in the steamship Hamburg [in error the ship was the Moravia]. They
traveled third class and were on board 16 days. Due to a severe
storm at sea, Christina cried and said she wanted to go back home.
The ocean waters washed the decks. She was happy all the time, otherwise,
and was not at all seasick, though her father and mother both were
attacked. Because of her mother's illness, the care of the younger
children devolved upon Christina and she especially remembers she
had to wash Elizabeth's diapers. As to the food, she says she and
the whole family much enjoyed the potatoes and herring, the rye
bread and oatmeal that was served.
With them from Russia came:
Mr. and Mrs. Jacob Renz (Mrs. Renz was Mr. Huber's sister)
Mr. and Mrs. Carl Renz
Mr. and Mrs. John Krieg, their two children; and Mrs. Krieg's sister
Katharina Wagner, who later married Alex Walther
Mr. and Mrs. Philip Fischer, their three children and Mrs. Fischer's
They remained in New York only about half a day and took the train
to Scotland, Dakota Territory. They arrived three days later, about
the middle of October 1884. There they remained the following winter
with the Orth families, their relatives.
Mr. Huber had just $121.00 left when he arrived in Scotland. This
amount, with the clothing and bedding he had brought from Russia,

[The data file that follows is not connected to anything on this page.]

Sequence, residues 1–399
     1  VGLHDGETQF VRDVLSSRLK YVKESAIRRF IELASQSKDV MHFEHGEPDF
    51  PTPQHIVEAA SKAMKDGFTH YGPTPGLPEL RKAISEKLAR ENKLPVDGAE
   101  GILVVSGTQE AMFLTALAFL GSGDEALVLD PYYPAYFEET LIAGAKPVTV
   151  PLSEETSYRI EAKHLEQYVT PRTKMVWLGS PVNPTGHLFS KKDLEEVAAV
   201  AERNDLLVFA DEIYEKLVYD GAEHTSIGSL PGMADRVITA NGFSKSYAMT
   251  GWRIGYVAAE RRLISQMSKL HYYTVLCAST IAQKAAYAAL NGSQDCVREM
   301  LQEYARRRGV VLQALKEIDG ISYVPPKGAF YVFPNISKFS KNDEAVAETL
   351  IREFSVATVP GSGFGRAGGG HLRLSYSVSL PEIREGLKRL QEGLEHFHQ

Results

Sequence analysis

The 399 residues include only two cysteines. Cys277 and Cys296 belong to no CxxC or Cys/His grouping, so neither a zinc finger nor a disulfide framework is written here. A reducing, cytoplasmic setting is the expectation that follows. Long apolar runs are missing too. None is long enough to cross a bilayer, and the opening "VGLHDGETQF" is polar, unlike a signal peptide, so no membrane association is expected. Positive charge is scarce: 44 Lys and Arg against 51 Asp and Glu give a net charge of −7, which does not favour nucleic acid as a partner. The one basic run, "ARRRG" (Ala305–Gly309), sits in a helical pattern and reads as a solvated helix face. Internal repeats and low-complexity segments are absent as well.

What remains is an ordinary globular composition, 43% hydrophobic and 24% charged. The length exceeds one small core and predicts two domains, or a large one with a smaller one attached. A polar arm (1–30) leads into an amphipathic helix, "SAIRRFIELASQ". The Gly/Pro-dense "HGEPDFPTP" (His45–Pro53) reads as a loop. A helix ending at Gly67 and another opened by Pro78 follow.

was all he possessed. From Anton Orth he purchased a yoke of oxen
on time. He paid for these about two years later. From another friend,
Mr. Billigmeier who also lived in Scotland, he purchased a wagon.
Anton and Peter Orth and other friends donated some furniture, including
a table, a few chairs, a bed and a kitchen range. Anton Orth had
also donated a two-year-old heifer with sale of the oxen.
On the 1st of May 1885, Mr. Huber hitched his oxen to the wagon,
loaded his family into it and, leading the cow, set out from Scotland
across the prairies to locate a homestead. They went by way of Ipswich
where Mr. Huber purchased some lumber for windows and door frames,
another bed and a couple of benches. From Ipswich they proceeded
in a northerly direction about 90 miles, until on the fourteenth
day of their journey they arrived at the location they had selected.
They had to go this distance from Ipswich because all the land between
there and Ipswich had been taken. True, there were a few isolated
claims and sections which had not been taken, but the party which
had set out from Russia wished to take up land close together, in
order to form a German Baptist colony with a congregation and church
of their own.
Mr. Huber's homestead was located about one mile west of where
Artas, South Dakota, now stands. The town, however, did not appear
for several years more. John Krieg's homestead was located about
one half mile southeast of Huber's, Philip Fischer's about one mile
west and the Renz's about 3 miles west.
Mr. Huber, his wife and Christina immediately set about the building
of a sod house. Mr. Huber and Mr. Krieg had bought breaker plow
in company and with this plow, Mr. Huber's two oxen and Mr. Krieg's
two horses, they turned the sod for the house. Christina and her